Another Name for Ionic Silver
Without exception, laboratory analysis of products claiming to be monatomic colloids have shown that they are, in fact, ionic solutions. Products claiming to be monatomic colloidal silver are ionic silver solutions, just as products claiming to be monatomic colloidal gold are ionic gold solutions.
Because hundreds of ionic silver products are on the market, how does one distinguish them? In the business of colloidal silver, the answer seems to be the use of terms that are not really technical or scientific at all, but instead sounds “scientific” to the average, misinformed consumer.
“Monatomic” colloidal silver is one such a term. It is typically explained in impressive detail on websites that promote monatomic silver products, but it is really just a marketing term used to hide the truth: What is being sold is an ionic silver solution, just like hundreds of others.
Virtually all ads for monatomic colloidal silver describe the product as being as clear as water. This is one of the distinguishing characteristics of ionic (salt-derived) silver.
The Reality of Monatomic Silver
Monatomic silver cannot actually exist for the reasons described in the articles about clarity. Atoms of silver, meaning ions of silver are very reactive. Monoatomic neutral atoms of silver have such a high potential energy that they form clusters instantly.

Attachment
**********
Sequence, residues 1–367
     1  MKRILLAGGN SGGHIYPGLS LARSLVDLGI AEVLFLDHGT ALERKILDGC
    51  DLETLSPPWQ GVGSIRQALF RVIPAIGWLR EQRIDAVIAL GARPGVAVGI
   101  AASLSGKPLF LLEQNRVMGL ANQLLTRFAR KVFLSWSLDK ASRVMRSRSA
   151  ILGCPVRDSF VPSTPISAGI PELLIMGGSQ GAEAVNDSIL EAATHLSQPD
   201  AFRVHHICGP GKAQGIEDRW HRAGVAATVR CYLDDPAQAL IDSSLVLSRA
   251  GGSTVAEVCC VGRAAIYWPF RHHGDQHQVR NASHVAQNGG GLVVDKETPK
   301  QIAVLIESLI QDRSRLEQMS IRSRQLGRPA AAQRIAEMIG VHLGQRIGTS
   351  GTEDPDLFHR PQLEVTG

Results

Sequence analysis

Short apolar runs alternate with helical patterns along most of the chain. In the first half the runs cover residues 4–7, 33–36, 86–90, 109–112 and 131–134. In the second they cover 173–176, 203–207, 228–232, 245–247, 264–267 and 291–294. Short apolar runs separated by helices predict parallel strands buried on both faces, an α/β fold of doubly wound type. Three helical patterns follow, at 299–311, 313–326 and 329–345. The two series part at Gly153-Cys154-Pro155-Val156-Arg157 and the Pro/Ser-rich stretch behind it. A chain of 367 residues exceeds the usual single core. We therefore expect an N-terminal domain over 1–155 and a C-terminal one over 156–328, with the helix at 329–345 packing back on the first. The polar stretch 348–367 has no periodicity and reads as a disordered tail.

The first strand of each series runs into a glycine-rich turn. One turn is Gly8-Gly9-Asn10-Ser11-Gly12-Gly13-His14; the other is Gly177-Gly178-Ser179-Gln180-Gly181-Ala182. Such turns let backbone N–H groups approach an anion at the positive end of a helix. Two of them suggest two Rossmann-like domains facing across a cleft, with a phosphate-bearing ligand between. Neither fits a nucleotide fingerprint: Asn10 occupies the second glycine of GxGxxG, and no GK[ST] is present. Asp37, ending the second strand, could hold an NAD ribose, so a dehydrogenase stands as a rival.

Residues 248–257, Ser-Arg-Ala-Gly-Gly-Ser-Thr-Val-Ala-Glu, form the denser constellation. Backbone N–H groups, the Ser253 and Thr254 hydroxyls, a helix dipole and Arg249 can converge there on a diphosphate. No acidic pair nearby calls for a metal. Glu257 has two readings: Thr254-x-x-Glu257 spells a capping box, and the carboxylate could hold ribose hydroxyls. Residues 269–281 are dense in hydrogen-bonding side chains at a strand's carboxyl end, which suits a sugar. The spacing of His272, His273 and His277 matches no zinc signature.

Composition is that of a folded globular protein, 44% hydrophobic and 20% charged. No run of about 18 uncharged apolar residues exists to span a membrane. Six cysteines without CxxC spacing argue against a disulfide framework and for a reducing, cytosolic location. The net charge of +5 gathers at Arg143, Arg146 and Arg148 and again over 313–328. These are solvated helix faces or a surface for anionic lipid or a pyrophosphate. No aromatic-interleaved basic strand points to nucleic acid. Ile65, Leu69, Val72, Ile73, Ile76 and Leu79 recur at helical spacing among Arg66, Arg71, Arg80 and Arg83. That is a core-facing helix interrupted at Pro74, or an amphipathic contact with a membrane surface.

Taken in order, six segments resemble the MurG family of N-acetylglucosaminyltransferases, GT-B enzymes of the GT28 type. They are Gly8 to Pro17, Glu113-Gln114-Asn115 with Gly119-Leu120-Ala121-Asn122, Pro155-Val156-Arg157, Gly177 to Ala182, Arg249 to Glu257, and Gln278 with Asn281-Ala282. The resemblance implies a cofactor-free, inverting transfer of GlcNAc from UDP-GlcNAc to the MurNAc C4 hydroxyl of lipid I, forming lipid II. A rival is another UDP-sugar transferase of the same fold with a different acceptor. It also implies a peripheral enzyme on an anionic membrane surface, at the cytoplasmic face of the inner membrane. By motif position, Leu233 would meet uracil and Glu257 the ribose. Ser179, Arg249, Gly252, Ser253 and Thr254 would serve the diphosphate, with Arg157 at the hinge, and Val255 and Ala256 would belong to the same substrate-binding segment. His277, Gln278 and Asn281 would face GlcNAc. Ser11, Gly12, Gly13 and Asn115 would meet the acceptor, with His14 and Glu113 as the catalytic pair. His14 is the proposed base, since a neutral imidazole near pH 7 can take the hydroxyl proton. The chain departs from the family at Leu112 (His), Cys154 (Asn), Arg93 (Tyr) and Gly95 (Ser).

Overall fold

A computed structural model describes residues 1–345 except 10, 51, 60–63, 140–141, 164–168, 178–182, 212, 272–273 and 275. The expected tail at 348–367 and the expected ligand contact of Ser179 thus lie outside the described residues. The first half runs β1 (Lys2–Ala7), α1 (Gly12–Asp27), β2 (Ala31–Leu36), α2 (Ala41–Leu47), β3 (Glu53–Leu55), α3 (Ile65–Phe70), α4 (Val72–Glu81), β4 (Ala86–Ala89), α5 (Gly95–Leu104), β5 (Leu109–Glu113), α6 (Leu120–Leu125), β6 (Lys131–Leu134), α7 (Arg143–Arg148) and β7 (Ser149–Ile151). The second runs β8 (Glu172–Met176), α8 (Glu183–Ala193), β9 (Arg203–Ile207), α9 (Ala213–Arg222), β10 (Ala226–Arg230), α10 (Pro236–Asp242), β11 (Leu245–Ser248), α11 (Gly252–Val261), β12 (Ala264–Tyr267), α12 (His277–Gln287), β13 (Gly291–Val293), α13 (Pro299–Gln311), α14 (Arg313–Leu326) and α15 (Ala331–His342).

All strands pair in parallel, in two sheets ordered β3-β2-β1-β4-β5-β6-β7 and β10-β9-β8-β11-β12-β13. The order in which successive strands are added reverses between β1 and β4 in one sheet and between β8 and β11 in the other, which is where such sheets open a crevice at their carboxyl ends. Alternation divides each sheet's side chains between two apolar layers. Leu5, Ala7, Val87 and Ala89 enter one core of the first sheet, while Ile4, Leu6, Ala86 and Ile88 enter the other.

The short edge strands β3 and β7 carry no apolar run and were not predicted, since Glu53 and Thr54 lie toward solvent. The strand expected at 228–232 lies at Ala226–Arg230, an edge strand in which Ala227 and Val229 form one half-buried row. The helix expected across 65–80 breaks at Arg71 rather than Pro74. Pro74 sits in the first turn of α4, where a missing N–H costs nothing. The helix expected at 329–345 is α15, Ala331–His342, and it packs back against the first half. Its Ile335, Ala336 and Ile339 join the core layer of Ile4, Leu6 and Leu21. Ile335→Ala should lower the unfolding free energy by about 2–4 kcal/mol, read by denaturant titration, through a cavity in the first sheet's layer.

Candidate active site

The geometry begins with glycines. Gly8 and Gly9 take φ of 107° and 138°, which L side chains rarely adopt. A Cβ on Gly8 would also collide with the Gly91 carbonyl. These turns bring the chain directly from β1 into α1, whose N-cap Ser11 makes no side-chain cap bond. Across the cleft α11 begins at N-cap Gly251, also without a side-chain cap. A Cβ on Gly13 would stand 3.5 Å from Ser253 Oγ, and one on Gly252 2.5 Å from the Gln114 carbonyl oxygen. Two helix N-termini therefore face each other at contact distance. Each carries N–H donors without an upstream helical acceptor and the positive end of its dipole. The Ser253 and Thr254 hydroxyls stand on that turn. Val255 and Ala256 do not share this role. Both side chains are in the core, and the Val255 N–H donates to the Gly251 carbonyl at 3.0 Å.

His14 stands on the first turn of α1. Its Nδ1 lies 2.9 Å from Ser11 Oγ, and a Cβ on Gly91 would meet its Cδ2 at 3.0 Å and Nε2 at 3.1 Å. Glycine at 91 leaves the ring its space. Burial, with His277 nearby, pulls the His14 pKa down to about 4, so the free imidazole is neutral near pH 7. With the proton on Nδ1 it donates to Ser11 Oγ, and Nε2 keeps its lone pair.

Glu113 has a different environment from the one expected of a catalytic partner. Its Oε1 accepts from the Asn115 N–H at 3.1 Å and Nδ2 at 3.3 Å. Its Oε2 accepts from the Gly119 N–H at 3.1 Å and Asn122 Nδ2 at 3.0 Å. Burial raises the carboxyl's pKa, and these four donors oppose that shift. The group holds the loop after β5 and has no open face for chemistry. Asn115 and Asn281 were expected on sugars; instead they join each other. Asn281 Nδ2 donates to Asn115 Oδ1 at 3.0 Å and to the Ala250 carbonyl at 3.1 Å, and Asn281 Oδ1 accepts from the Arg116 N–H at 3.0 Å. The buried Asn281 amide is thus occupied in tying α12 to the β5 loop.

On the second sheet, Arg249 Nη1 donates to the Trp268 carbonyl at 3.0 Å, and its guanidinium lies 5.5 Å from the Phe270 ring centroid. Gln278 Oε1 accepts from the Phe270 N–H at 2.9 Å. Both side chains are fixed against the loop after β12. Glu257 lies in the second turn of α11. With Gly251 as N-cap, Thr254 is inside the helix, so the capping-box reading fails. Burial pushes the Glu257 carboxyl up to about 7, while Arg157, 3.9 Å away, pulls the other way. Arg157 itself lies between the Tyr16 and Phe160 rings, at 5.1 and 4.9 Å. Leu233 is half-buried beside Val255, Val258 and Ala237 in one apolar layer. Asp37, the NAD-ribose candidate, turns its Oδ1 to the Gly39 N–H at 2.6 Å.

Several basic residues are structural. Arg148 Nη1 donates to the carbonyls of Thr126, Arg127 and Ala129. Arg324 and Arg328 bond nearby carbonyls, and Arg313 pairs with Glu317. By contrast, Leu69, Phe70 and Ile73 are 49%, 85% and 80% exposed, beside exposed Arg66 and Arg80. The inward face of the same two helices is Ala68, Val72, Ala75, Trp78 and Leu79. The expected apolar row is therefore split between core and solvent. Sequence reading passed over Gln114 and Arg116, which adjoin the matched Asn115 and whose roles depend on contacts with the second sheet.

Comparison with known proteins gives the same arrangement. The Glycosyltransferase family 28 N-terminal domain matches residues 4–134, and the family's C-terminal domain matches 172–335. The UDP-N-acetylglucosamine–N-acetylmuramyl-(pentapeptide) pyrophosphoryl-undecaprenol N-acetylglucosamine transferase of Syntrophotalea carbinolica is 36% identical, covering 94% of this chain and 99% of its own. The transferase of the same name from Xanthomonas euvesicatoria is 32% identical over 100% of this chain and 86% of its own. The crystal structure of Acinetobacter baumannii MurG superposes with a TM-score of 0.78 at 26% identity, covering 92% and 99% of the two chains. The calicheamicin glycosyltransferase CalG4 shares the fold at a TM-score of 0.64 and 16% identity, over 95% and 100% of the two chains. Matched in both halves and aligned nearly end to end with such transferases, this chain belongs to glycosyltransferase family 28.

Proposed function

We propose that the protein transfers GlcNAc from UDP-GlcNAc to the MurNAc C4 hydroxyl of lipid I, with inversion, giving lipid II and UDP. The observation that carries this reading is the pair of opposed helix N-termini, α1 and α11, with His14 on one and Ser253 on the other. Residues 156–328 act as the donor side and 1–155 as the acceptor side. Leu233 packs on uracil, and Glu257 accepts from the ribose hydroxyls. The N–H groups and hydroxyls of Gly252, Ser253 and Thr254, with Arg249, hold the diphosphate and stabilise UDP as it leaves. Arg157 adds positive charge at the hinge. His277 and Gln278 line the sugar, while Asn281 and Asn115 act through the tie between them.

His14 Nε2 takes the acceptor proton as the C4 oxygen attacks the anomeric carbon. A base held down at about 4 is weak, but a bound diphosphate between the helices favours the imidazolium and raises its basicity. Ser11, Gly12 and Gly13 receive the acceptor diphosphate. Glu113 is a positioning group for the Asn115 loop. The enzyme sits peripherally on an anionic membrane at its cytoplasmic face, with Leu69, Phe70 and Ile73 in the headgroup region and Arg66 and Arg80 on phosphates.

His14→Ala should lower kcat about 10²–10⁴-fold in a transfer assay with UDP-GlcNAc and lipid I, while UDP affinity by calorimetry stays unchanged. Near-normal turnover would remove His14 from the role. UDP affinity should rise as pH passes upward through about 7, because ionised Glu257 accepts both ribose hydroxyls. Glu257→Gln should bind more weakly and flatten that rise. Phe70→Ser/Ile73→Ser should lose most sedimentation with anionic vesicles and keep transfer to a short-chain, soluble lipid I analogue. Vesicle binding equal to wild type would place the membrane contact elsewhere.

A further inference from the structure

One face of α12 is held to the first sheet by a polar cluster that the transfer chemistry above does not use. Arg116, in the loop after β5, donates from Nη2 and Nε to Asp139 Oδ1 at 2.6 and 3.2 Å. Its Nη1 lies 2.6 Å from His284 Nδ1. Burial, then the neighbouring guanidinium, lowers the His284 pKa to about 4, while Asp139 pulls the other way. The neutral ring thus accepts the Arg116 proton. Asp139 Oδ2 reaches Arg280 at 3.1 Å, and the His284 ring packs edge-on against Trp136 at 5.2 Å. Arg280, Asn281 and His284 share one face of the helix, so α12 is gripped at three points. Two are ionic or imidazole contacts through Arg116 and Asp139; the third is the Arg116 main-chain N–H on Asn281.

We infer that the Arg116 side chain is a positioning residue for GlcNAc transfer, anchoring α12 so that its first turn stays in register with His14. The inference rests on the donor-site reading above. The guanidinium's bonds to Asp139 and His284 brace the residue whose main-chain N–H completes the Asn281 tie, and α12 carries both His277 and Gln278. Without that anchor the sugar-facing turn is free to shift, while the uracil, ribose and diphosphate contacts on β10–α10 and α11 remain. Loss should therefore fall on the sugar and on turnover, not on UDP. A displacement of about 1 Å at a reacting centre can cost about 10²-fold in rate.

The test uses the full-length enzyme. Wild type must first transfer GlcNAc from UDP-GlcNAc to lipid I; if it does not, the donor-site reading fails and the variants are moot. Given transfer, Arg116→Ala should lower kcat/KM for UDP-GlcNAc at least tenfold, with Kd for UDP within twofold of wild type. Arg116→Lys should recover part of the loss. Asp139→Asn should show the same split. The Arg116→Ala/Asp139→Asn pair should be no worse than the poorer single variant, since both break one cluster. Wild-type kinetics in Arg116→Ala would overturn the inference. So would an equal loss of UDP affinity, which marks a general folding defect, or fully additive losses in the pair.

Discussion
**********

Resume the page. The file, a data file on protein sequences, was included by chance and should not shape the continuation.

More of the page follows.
Products advertised as monatomic colloidal silver are actually ionic silver solutions. Not all, but many such products have also been found to contain fairly high concentrations of nitrate (NO3), which means they contain either nitric acid or nitrates. High concentrations of NO3 are present in some products as a byproduct of the method used to produce them. Neither nitric acid or nitrates should be ingested or applied topically as they are known cancerigens. As far as we can tell, the only reason products claim to be monatomic is to avoid the truth that the products are ionic solutions and not colloids at all. In other words, the term “monoatomic silver ” is pure marketing hype, designed to mislead the buying public.
“This statement has not been evaluated by the Food and Drug Administration. This product is not intended to diagnose, treat, cure, or prevent any disease.”